Impact on estate planning
In my experience, many estate planning clients who have online accounts want these accounts to be deleted on death. If the “right to be forgotten” becomes law in Canada, should we be asking clients if this is also something they want to explore in their estate planning? As I explained in my previous blog post about the CPPA, the CPPA will allow the rights and recourses under the CPPA to be exercised on behalf of a deceased individual by a person authorized by or under law to administer the estate or succession of that individual (e.g. an estate trustee in Ontario), “but only for the purpose of that administration”. One might take this to mean that if an individual wants their personal information to be deindexed from search engines like Google upon death, then they should specifically include a direction to this effect in their will. It would seem that the fiduciary would then be obligated to give effect to this direction, and the CPPA would accordingly provide the authority for them to do so.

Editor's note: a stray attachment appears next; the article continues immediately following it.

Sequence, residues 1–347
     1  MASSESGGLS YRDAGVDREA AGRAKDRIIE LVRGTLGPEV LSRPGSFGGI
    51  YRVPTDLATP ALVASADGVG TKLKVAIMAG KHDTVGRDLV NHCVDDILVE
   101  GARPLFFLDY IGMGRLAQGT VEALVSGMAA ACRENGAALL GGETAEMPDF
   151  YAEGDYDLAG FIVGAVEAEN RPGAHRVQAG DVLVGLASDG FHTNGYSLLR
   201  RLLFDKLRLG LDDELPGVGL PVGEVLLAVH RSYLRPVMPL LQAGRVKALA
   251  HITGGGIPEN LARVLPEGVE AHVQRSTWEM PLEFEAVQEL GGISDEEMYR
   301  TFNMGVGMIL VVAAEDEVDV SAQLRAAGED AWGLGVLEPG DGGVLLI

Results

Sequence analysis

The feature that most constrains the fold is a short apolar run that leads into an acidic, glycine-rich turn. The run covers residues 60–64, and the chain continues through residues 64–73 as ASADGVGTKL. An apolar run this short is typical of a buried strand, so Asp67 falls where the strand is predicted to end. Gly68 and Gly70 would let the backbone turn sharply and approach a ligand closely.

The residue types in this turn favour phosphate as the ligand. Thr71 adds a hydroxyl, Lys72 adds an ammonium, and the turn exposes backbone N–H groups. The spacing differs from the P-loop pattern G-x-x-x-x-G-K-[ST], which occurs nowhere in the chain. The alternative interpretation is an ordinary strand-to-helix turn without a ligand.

As I’ve stated in the past, privacy and personal information are becoming more and more relevant in the estate planning context. While the client’s views on these topics will inform the relevant planning strategies, the onus is also on the Government of Canada to pass legislation like the CPPA that gives greater power to individuals to direct the manner in which organizations that collect their personal information should use, maintain and dispose of such personal information.
 There were additional arguments relating to the Canadian Charter of Rights and Freedoms, but a description of these arguments is beyond the scope of this blog post.
 The CPPA is part of the Digital Charter Implementation Act, which was previously a part of Bill C-11. It is now part of Bill C-27.